Next were the monkeys.

After seeing the animals we walked to this bridge which was created so that researchers could climb up above the canopy at the early hours of the day to observe exotic birds that can only be seen very early in the morning. The bridge is 90 meters long and 42 meters above the ground. Unfortunately for my dad, he has a phobia of bridges. Not heights. Just bridges. But he faced his fear and scaled across! Relieved once he reached the tree where the bridge ends, his nerves peaked again as he was told that the only way down was to go back across the bridge.

Hiking back to where we were to have lunch was possibly the most terrifying adventure of the trip. Our trail had been flooded by heavy rains and so in our path was a flooded pond. We all stood there for several minutes before deciding that the best option would be to wade through it. My dad smoked a cigarette that would otherwise be lost to the murky waters. It was as if he were smoking his last cigarette, and he seemed to enjoy it just that much. I surged ahead, wading and eventually swimming through the pond. Soon I could not touch the ground and had to cling to a tree that stuck out of the water. It was difficult to swim since we were all wearing rubber boots so the best thing to do was not to kick but to let the boots keep us afloat. Just as I was about to push off and float to the next tree, I saw something skimming the surface of the water, quickly realizing that it was a caiman - a small river alligator... Great. Our guide told me to stop, telling me that since there where caiman in the water, the men should go first... a theory that I hardly accepted but given the circumstances, decided to obey. Floating from tree to tree we made it across the pond and safely back onto the path.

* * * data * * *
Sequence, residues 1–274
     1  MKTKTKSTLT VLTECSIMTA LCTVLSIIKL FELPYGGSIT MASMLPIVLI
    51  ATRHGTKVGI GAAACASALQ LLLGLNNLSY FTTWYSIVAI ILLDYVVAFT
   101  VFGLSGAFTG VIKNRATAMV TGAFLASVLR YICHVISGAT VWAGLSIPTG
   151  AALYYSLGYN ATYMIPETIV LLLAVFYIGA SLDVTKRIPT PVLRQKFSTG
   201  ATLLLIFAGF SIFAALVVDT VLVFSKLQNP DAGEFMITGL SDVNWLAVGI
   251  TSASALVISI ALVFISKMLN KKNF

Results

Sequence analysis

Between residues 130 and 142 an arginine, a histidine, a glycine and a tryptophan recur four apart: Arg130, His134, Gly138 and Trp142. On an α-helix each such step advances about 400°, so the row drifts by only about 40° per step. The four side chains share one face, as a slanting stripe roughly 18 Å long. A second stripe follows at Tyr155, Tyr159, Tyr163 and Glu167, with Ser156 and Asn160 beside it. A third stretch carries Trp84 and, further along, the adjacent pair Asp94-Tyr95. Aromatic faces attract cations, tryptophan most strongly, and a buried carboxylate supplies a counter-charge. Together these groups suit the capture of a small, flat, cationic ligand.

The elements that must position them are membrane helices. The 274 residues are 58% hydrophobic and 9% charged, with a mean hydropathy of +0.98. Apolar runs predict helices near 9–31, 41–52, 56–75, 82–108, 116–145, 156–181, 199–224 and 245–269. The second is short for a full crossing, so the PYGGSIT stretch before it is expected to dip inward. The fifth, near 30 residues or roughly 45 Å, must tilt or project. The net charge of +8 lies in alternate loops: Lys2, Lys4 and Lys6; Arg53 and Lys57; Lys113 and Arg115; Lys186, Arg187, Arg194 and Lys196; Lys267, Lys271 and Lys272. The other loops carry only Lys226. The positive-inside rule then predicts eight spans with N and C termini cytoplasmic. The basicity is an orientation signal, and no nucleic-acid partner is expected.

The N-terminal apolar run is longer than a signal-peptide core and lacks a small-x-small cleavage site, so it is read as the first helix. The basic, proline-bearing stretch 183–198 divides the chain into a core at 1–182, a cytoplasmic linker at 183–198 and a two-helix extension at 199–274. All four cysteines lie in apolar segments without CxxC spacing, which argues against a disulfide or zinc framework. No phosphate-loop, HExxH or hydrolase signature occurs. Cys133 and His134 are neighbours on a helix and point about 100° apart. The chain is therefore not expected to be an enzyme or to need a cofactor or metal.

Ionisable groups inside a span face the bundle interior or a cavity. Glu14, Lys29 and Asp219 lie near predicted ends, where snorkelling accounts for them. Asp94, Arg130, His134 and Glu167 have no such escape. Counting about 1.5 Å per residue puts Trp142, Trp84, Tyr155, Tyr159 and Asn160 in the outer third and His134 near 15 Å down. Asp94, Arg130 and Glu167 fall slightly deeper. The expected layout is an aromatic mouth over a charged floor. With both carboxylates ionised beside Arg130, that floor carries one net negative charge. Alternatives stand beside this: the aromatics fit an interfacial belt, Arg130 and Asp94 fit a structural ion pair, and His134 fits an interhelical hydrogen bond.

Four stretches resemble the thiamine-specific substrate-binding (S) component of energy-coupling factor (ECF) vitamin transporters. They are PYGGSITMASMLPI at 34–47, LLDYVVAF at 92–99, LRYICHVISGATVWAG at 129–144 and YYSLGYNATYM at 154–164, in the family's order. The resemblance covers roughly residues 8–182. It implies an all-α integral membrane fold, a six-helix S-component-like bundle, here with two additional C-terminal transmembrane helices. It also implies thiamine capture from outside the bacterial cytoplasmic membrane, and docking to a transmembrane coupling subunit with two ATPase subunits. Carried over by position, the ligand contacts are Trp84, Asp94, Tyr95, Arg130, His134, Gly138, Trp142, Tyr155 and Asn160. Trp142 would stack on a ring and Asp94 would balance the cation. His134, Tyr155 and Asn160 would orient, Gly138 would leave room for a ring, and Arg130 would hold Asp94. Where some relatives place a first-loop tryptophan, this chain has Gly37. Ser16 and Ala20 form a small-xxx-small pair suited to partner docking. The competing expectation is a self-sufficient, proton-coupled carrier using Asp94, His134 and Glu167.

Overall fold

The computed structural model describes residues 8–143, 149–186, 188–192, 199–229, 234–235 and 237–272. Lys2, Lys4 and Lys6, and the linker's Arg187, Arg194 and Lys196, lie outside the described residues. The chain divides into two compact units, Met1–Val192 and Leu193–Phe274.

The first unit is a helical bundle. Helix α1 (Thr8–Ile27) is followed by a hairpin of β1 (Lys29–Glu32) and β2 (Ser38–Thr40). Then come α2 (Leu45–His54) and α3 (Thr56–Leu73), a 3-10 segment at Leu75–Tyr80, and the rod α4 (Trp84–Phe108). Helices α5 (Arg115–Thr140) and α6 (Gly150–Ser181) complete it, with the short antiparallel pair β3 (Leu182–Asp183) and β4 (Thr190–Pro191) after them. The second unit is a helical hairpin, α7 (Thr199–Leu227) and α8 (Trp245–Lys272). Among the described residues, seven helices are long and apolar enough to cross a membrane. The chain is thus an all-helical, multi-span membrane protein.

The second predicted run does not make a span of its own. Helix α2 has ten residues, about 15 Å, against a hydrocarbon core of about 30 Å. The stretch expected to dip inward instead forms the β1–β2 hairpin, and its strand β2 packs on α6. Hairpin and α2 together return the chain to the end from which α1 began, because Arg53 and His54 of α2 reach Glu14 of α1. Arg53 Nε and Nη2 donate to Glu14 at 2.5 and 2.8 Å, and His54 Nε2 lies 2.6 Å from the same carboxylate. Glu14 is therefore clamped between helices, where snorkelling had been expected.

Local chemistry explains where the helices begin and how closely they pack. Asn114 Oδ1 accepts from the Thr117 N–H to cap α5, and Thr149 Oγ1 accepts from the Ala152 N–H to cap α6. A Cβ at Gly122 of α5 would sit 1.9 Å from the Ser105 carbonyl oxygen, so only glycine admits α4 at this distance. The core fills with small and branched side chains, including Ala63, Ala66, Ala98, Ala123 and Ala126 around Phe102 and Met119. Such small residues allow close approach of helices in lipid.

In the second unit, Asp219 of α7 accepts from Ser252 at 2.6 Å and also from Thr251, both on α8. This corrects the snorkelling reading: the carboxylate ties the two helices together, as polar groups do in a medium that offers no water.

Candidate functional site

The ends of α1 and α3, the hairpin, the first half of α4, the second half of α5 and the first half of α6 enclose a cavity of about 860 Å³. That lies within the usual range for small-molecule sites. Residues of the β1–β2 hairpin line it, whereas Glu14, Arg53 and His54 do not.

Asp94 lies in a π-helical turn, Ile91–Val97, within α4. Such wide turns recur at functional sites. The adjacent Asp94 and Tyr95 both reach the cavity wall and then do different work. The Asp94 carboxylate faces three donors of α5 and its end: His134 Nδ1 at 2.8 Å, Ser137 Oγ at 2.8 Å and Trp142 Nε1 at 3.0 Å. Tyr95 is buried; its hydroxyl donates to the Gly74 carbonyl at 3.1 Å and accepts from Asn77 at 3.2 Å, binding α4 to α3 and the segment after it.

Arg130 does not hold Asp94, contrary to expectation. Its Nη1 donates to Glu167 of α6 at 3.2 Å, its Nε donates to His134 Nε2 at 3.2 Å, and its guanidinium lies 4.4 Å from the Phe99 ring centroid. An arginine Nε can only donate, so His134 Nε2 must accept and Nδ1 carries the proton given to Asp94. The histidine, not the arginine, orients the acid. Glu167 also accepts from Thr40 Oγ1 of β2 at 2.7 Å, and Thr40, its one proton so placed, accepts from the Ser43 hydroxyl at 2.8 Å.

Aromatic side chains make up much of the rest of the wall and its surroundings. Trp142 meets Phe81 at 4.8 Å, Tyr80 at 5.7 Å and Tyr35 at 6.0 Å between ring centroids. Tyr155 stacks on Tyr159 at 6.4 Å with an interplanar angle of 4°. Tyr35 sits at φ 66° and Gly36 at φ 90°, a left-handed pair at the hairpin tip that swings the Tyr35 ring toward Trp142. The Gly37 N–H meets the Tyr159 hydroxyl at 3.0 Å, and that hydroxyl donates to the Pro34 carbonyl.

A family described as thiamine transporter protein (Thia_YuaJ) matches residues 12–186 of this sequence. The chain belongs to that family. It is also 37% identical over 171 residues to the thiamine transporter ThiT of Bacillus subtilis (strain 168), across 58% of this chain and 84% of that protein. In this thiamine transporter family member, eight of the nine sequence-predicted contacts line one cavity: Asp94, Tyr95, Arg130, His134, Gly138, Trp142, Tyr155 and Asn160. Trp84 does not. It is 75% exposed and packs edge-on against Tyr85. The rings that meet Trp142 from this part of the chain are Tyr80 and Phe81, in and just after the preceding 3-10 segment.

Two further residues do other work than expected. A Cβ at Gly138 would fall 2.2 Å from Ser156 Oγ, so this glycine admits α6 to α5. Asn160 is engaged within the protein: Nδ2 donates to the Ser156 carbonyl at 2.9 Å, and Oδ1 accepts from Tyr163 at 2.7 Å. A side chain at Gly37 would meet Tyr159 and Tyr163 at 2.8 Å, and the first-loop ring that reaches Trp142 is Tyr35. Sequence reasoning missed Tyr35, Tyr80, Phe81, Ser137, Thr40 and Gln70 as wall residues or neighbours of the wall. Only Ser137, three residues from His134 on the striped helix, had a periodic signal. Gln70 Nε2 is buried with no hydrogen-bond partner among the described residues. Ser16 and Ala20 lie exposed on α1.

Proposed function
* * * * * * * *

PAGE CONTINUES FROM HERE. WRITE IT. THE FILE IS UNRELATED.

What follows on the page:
Overall, the trip was amazing. We were lucky with weather and with the number of animals and other jungle creatures we were able to experience. Right now is the rainy season in Puerto Maldonado but magically, we were graced with sun, blue skies, hot weather and no rain. It was difficult to go back to chilly, rainy Cusco, but also great to be back to have a proper goodbye with the city.
Coming back to Lima was almost like coming home. How time flies here. I can't believe that break is almost over and that my time in Cusco has passed. It's wonderful to be back on the coast and back at home with Dina and Klaus!